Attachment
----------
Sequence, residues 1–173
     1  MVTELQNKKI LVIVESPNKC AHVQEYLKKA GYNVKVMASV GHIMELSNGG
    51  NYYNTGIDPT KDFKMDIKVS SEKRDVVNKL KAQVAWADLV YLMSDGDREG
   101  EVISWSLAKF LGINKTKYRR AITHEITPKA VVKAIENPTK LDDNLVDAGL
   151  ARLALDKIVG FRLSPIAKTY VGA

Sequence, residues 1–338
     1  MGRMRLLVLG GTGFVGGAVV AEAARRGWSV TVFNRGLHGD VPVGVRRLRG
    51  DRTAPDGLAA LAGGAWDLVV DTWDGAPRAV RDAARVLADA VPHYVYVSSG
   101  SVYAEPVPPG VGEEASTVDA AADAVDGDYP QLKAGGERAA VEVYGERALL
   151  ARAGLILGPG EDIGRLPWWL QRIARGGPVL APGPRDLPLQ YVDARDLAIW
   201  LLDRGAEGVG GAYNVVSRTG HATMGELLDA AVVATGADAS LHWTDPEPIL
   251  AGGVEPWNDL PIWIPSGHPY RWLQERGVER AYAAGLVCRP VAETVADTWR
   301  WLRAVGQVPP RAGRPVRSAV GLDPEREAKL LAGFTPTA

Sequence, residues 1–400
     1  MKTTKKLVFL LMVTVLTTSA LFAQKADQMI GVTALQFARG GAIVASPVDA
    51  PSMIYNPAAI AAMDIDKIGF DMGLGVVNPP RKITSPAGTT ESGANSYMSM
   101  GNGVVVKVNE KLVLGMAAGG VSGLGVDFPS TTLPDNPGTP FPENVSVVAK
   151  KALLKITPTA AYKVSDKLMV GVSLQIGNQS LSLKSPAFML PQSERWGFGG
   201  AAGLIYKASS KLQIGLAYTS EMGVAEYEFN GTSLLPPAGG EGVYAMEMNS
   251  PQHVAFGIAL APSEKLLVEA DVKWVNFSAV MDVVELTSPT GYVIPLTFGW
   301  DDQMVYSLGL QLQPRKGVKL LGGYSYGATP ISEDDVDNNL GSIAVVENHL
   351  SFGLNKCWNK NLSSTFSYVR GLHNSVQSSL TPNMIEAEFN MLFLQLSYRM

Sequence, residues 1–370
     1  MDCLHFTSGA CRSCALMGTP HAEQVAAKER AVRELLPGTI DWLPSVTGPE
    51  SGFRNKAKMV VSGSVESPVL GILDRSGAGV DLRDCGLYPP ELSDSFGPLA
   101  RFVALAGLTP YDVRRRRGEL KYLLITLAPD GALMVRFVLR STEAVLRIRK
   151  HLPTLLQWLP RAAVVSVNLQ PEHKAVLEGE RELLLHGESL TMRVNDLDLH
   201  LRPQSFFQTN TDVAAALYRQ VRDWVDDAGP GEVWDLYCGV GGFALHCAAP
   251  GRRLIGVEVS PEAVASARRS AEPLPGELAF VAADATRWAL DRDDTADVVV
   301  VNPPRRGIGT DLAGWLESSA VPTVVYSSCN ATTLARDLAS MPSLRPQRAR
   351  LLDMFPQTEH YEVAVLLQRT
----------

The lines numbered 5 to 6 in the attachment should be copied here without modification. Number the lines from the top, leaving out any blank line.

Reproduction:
   151  ARLALDKIVG FRLSPIAKTY VGA

Sequence, residues 1–338